Jury Coordination and Notes

Acting in Film: Portrayal or Presence? By Willie Jones, KIDS FIRST! Film Critic, age 17

classic.jpgJack Nicholson once gave the following screen acting advice to Harry Dean Stanton: “Just let the wardrobe be the character. You play yourself. That’s the way you approach it.” Jack Nicholson is a three time Oscar® winner, 12 time nominee and the star of classic films such as The Shining, Chinatown and One Flew Over the Cuckoo’s Nest. On the other hand, Ian McKellen once commented, “Acting is a very personal process. It has to do with expressing your own personality, and discovering the character you’re playing through your own experience – so we’re all different.” What I’ve laid out are two completely different approaches to film acting. One is the argument that to be a good film actor, you only must be present and being yourself, with a little charm and charisma is enough to be successful on screen. The likes of Cary Grant, Gary Cooper, Clark Gable and William Powell might be examples of this school of thought. The other argument is one more associated with actors who participate more in the theater, in believing that a successful film actor takes more than presence, it takes an ability to express emotions and portray someone different than yourself. The likes of Pacino, De Niro, Duvall and Nicholson exemplify this. That’s where the great debate lies.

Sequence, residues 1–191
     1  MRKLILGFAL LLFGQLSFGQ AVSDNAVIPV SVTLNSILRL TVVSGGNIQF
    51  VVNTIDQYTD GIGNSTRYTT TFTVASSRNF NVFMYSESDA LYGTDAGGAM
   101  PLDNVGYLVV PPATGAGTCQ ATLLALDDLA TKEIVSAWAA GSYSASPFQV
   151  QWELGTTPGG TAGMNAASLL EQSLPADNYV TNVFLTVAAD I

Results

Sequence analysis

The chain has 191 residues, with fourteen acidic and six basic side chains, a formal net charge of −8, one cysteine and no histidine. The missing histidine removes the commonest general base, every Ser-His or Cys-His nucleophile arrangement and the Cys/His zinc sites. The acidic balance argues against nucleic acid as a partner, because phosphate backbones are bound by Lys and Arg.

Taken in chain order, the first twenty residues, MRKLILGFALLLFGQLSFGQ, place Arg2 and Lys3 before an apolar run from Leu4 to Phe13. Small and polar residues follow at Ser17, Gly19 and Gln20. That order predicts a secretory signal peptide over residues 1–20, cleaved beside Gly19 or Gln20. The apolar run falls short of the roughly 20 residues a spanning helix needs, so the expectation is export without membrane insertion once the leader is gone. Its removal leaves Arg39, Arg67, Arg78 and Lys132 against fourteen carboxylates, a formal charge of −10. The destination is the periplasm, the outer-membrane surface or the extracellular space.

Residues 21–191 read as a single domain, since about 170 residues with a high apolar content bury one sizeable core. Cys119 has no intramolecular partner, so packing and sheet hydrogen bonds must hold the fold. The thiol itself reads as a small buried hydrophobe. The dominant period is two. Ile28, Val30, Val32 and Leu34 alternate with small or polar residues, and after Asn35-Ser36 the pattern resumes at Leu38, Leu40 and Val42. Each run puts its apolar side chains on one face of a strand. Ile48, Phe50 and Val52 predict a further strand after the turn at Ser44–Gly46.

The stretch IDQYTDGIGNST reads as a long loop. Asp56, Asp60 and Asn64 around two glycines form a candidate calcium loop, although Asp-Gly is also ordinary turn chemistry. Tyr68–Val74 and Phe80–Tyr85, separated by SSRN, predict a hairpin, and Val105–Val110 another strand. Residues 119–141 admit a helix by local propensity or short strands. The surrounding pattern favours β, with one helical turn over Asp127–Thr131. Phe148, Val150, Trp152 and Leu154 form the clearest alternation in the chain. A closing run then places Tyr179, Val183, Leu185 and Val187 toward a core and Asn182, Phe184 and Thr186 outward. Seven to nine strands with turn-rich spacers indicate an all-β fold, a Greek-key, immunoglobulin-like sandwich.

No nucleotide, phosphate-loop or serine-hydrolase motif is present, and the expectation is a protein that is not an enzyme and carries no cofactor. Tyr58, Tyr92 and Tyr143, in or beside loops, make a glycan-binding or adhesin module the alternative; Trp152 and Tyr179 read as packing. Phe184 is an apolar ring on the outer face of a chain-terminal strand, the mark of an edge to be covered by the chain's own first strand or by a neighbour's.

Throughout this blog I will refer to the first argument as presence and to the second as portrayal. If you notice, the examples of actors who fall under the presence category are all stars from the Golden Age of Hollywood. Which is to say that is the style most popular during that era.